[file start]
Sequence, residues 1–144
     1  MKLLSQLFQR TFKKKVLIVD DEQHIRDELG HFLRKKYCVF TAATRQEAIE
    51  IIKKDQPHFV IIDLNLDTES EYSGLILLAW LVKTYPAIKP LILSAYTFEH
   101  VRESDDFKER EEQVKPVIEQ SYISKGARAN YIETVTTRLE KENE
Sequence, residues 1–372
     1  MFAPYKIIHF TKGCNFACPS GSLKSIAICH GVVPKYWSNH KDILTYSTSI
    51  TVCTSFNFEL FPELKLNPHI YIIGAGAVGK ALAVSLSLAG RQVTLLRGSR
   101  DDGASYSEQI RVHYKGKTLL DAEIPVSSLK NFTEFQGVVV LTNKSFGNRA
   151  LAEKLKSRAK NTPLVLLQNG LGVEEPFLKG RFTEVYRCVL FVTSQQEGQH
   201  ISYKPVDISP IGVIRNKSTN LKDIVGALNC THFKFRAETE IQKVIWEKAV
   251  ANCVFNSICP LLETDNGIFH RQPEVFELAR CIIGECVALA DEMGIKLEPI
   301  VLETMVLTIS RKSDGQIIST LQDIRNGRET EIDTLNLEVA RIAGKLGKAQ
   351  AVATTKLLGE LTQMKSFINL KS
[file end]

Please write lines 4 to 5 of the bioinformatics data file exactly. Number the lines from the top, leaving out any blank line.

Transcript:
   101  VRESDDFKER EEQVKPVIEQ SYISKGARAN YIETVTTRLE KENE
Sequence, residues 1–372